We can use the present form with a future time reference to insinuate the future.
- Morgen gehe ich einkaufen.
- I’m going shopping tomorrow.
- I will go shopping tomorrow.
Otherwise we form it with the verb werden and the infinitive. Like in the present perfect the conjugated form comes in the second position and the infinitive in this case comes at the end of the clause. The translation of werden is will so do not confuse it with the German modal verb wollen, which conjugates to will in the first and third person singular.
- Morgen werdeich einkaufen gehen.
- Tomorrow I will go shopping.
Here is a list of 50 of the most common verbs in German:
|antworten||to answer||Er antwortet nicht.||He’s not answering.|
|arbeiten||to work||Er arbeitet heute.||He’s working today.|
|bedeuten||to mean, signify||Was bedeutet dieses Wort?||What does this word mean?|
|beginnen||to begin||Wann beginnt der Film?||When does the film start?|
|bekommen||to get, receive||Was bekommen Sie?||What would you like?|
|bestellen||to order||Er bestellt es online.||He’s ordering it online.|
|besuchen||to visit||Wir besuchen meine Tante in Bern.||We’re visiting my aunt in Bern.|
|bezahlen||to pay||Bezahlen wir jetzt?||Are we paying now?|
|bleiben||to stay, remain||Wir bleiben hier.||We’re staying here.|
|bringen||to bring, take||Fritz bringt Anna zum Flughafen.||Fritz is brining Anna to the airport.|
|danken||to thank||Ich danke Ihnen.||I thank you.|
|denken||to think||Worüber denken Sie?||What are you thinking about?|
|essen||to eat||Wann isst du zu Mittag?||When do you eat lunch?|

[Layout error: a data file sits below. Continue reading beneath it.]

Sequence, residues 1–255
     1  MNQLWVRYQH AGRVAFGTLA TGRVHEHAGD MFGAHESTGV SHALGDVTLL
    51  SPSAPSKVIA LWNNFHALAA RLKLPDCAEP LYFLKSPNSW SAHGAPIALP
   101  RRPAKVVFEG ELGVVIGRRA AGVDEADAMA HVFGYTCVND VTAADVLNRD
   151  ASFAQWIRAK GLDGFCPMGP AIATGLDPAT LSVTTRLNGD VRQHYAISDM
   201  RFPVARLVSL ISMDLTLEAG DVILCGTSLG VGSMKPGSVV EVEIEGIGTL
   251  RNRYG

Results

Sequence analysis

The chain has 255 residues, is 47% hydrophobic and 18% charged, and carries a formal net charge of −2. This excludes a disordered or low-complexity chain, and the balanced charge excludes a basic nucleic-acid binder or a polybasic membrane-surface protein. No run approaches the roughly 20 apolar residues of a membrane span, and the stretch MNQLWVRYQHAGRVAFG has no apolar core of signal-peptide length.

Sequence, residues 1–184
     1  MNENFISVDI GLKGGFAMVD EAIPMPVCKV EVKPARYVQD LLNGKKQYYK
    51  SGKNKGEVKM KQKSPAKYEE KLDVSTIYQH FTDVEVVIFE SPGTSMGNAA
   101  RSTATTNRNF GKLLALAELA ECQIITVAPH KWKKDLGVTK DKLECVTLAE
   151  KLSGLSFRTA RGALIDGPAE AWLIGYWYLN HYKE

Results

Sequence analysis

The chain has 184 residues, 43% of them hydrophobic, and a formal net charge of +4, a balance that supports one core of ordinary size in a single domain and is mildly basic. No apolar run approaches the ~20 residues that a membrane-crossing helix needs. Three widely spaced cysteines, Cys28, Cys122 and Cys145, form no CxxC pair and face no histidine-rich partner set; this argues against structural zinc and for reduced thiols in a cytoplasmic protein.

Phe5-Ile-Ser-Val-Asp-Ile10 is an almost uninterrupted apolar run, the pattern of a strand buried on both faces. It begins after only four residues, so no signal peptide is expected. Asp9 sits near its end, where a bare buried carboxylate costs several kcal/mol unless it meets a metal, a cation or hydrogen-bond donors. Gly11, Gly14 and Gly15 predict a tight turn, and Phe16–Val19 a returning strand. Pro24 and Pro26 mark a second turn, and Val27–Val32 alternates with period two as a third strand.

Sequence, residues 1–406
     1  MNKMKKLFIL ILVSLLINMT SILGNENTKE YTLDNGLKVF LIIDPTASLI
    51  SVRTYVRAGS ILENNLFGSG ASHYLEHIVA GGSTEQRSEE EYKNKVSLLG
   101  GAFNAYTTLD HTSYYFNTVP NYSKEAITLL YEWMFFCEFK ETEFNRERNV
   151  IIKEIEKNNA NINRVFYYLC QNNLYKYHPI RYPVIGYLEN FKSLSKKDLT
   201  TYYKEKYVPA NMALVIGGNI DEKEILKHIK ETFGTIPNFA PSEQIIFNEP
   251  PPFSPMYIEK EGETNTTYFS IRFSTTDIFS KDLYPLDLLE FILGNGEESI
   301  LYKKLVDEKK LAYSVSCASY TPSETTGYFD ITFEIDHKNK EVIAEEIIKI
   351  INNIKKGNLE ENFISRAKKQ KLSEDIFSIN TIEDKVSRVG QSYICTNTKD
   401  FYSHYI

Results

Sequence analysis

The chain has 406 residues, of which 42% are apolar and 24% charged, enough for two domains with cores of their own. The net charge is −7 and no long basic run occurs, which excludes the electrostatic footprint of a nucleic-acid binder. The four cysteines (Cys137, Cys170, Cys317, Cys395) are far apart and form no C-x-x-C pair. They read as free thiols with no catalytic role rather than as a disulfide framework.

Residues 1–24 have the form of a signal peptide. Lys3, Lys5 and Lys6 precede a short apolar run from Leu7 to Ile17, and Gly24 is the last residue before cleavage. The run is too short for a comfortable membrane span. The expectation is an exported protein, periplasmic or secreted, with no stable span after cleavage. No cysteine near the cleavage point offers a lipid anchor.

|fahren||to travel, drive, go||Ich fahre morgen nach Zermatt.||I’m going to Zermatt tomorrow.|
|finden||to find||Wie finden Sie den Film?||What do you think of the film?|
|fliegen||to fly||Er fliegt nach Zürich.||He’s flying to Zurich.|
|fragen||to ask||Fragst du mich?||Are you asking me?|
|geben||to give||Wann gibst du ihm das Buch?||When are you going to give him the book?|
|gehen||to go||Wir gehen ins Kino.||We’re going to the cinema.|
|helfen||to help||Hilf mir!||Help me!|
|hören||to hear, listen||Hörst du die Musik?||Do you hear the music?|
|kaufen||to buy||Ich kaufe den Computer.||I’m buying the computer.|
|kommen||to come||Wann kommt er nach Hause?||When is he coming home?|
|kosten||to cost||Wie viel kostet das Buch?||How much does the book cost?|
|lesen||to read||Ich lese die Zeitung.||I’m reading the newspaper.|
|lieben||to love||Ich liebe dich.||I love you.|
|machen||to make, do||Was macht er?||What’s he doing?|
|nehmen||to take||Nehmt ihr das Geld?||Are you taking the money?|
|öffnen||to open||Sie öffnet die Tür.||She’s opening the door.|
|probieren||to try (out)||Er probiert den Kuchen.||He’s trying the cake.|
|regnen||to rain||Es regnet heute.||It’s raining today.|
|reisen||to travel||Er reist nach Wien.||He’s traveling to Vienna.|
|sagen||to say, tell||Er sagt nein.||He says no.|
|schlafen||to sleep||Wir schlafen gut.||We sleep well.|
|schmecken||to taste, be tasty||Das schmeckt!||That tastes good.|
|schreiben||to write||Er schreibt eine E-Mail.||He’s writing an e-mail.|
|schwimmen||to swim||Er schwimmt gern.||He likes to swim.|
|sehen||to see||Ich sehe ihn nicht.||I don’t see him.|
|senden||to send, transmit||Er sendet eine E-Mail.||He’s sending an e-mail.|
|setzen||to put, set||Er setzt sich.||He’s taking a seat.|
|singen||to sing||Sie singt sehr schön.||She sings beautifully.|
|spielen||to play, act||Hans spielt Fussball.||Hans plays football.|
|sprechen||to speak||Ich spreche Deutsch.||I speak German.|
|suchen||to seek, search, look for||Was suchst du?||What are you looking for?|
|trinken||to drink||Ich trinke lieber Kaffee.||I’d rather drink coffee.|
|vergessen||to forget||Ich vergesse den Namen.||I forget the name.|
|verstehen||to understand||Er versteht Deutsch.||I understand German.|
|warten||to wait||Sie wartet auf den Bus.||She’s waiting for the bus.|
|wohnen||to reside, live (in)||Mein Vater wohnt in Basel.||My dad lives in Basel.|
|zeigen||to show, indicate||Ich zeige Ihnen, wo das ist.||I’ll show you where that is.|
Next week we’ll look at: separable prefix verbs, modal verbs, and the subjunctive form.